Managing Technical Employees: Learn From My Mistakes
A founder with a strong business background but little experience working with technical folks explains where she stumbled at first and the seven-part system for effective collaboration she has developed.
By Thayer Meicler (Co-founder & CEO, SaleSorter)
In 2012, I took a leap and started SaleSorter, an app that displays real-time in-store sale information in your local area. My background in strategy enabled me to see and size a market opportunity, but I needed a technical partner to make our idea a reality. Once I found technical resources to take SaleSorter from business plan to functional product, I had to adjust my thinking about product management to ensure that our technical and non-technical resources had a parallel understanding and that we were building on everyone’s strengths.
When I first hired technical folks, I learned to work with our programmers to align expectations for product work. For example, I would assume a feature change was a small cosmetic tweak when the underlying code required significant overhaul. I learned that the key to success is creating structure so that the project scope is transparent, technical direction is clear, timelines are achievable, and work moves the product forward for customers.
The steps below outline SaleSorter’s method for productive teamwork. At the end of the day, it’s all about management fundamentals you can use anywhere.
Break Technical Work Into Discreet Projects
…and align upfront. By creating structure around all projects you organize and align your team. Have an initial conversation with the appropriate technical and non-technical resources and discuss the project’s purpose. In this open forum, let everyone share ideas of technical work that could be included to achieve the goal. Leave the meeting with clearly assigned next steps that will take the project from theoretical to implementable, as it is easier to track progress when everyone has individual responsibilities. Sounds simple, but this an essential and easily forgotten step.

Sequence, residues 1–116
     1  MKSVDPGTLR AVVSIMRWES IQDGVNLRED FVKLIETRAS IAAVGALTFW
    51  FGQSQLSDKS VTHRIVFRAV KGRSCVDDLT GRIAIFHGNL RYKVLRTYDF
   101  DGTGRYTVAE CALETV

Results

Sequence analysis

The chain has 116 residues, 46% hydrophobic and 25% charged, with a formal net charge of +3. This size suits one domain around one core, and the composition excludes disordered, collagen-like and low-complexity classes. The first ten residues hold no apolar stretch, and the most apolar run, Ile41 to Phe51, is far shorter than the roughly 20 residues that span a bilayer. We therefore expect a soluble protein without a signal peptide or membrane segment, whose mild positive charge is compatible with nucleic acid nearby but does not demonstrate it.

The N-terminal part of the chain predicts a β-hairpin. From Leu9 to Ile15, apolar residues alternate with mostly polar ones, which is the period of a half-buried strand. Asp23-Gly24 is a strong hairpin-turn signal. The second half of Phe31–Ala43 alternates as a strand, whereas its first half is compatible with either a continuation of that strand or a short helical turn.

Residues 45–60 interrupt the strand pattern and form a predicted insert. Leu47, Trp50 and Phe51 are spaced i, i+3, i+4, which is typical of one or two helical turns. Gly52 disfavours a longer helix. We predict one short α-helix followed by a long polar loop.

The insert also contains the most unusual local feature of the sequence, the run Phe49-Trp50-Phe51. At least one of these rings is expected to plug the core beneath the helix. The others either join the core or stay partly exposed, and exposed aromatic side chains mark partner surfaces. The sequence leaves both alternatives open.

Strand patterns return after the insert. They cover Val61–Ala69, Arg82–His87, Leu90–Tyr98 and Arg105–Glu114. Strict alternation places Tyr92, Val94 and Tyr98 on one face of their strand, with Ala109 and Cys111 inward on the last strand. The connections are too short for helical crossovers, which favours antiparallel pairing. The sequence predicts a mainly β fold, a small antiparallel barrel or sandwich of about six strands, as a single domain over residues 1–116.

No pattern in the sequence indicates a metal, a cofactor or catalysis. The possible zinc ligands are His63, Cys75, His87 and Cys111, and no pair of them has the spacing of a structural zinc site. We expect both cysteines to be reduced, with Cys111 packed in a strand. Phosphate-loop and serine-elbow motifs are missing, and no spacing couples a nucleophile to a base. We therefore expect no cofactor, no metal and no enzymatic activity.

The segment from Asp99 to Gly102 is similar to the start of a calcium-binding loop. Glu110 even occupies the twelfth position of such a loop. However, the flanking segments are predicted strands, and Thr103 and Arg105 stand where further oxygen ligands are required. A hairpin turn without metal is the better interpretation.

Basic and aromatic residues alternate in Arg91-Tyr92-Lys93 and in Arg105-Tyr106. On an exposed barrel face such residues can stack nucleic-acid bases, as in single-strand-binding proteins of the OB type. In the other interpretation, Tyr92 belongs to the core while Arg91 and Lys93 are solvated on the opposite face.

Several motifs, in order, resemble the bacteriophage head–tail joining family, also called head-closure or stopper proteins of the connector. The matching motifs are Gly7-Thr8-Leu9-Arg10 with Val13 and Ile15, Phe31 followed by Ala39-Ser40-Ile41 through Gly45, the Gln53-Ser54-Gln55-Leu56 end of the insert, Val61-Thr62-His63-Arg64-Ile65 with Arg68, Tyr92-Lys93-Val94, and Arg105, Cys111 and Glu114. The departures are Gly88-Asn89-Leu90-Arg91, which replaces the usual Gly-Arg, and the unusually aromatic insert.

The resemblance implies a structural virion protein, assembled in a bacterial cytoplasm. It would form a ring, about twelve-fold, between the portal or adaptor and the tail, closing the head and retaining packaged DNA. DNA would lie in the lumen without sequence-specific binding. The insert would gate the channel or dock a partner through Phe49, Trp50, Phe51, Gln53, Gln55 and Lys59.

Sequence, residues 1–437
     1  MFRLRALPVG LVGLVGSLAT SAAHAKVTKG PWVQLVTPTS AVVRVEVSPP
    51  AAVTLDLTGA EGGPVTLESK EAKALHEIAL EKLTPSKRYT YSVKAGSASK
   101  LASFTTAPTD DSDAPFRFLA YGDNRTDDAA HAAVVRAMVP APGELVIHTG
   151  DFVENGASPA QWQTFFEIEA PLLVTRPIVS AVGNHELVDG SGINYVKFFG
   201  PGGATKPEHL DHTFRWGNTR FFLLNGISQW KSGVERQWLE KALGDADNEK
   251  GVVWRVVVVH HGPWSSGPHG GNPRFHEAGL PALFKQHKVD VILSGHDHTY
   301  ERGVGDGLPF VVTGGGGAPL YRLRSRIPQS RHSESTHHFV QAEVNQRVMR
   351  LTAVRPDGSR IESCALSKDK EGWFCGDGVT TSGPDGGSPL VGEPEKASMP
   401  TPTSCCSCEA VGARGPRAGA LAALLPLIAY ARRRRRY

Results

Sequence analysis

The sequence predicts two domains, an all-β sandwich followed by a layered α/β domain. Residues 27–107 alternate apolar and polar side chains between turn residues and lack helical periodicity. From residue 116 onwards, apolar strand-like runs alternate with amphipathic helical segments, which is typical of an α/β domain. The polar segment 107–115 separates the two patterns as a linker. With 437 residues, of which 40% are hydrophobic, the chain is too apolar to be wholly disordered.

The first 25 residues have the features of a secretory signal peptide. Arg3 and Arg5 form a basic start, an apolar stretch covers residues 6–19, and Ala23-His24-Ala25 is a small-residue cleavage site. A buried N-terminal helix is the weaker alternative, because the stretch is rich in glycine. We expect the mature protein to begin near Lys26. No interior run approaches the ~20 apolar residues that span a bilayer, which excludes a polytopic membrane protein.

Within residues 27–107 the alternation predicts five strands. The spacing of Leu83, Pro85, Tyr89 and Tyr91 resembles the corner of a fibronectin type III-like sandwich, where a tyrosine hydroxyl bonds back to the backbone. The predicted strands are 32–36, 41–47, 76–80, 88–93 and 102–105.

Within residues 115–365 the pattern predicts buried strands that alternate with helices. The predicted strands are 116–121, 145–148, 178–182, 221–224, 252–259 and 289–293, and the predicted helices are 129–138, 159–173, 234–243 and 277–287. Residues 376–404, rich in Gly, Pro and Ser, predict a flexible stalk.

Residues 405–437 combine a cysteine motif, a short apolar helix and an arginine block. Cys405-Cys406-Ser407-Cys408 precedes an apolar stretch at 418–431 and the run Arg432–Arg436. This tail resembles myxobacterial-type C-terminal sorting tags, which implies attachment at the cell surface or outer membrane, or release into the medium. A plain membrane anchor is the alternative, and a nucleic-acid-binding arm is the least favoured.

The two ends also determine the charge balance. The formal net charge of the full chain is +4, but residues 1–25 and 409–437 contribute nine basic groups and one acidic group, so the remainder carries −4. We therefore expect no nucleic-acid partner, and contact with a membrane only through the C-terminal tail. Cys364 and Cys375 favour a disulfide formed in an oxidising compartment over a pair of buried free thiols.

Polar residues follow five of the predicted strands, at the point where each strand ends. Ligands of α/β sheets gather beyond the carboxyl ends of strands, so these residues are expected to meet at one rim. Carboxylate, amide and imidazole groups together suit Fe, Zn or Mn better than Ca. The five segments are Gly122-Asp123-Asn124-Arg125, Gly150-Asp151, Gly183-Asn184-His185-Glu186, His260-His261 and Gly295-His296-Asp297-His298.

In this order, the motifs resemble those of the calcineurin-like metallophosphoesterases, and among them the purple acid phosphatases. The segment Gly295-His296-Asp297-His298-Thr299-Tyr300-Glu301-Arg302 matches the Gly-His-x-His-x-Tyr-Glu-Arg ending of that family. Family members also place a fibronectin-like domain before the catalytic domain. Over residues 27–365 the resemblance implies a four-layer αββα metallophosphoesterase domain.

Develop a Project Roadmap
After your initial team discussion, have the appropriate team members fully “spec out” the individual builds and modifications for the project on paper. Having UI/UX ideas fully baked in writing are key to working efficiently.
Don’t Get Overwhelmed by a Long Roadmap – Prioritize It
It’s hard to tackle and measure against a laundry list, so prioritize roadmap features. Remember to focus on items that move the product ahead most obviously. For instance, if an app graphic bothers you or you want to tweak a feature, think it through carefully: will the graphic change the customer experience, or will the feature edit impact engagement? Involve data or A-B testing where possible (because if no one uses a feature, maybe you should scrap it!), try to be objective, and let the product managers do their job.
Align on Timelines With Your Tech Team
With a prioritized product roadmap, ask your tech team to estimate the time involved for each item. I recommend reprioritizing if you find small items are time consuming and to focus on bigger picture items that will most delight customers. Being clear that X feature will be ready in a day, Y feature will be ready in a month will likely impact planning across business functions.
Understand That Timelines Can Change
…and check in on project progress. It’s a startup – some things go well and some hit a snag despite best efforts. Once tech work starts, it’s important to check in with your technical team as timelines can shift because of bugs or hiccups that may cause more work than scoped. The bottom line: no technical time estimate will be 100% accurate.
By checking in regularly, you won’t be surprised by timeline shifts, and you can modify plans if you have a deadline or the technical work impacts non-technical work, like the marketing support of a launch.
Promote a Culture That Values Both Technical and Non-technical Talent
Whether it’s company happy hours, team lunches, or just all-hands meetings, communicating the impact of each function and celebrating the wins can help break down siloes and create camaraderie.
Listen to Your Engineers
Last but certainly not least, listen to project input from the technical team, as they are the ones doing the work and often have relevant experience and strong ideas!
What are your top tips for managing technical folks?
About the guest blogger: Thayer Meicler is the co-founder and CEO of SaleSorter, an app that displays real-time in-store sale information in your local area. Before SaleSorter, Thayer worked at American Express, where she most recently served as a Senior Manager of Risk Management for Hong Kong and Thailand. She has an MBA from Harvard Business School.
Photo credit: Marta Manso via Flickr.